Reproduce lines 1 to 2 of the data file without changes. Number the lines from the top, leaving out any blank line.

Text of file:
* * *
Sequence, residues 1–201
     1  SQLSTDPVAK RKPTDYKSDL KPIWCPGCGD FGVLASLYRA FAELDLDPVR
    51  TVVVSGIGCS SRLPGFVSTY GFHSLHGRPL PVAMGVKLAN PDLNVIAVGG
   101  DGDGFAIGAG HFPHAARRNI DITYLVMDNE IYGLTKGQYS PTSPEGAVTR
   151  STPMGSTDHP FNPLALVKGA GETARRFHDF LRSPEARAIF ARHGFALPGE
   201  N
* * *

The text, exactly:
Sequence, residues 1–201
     1  SQLSTDPVAK RKPTDYKSDL KPIWCPGCGD FGVLASLYRA FAELDLDPVR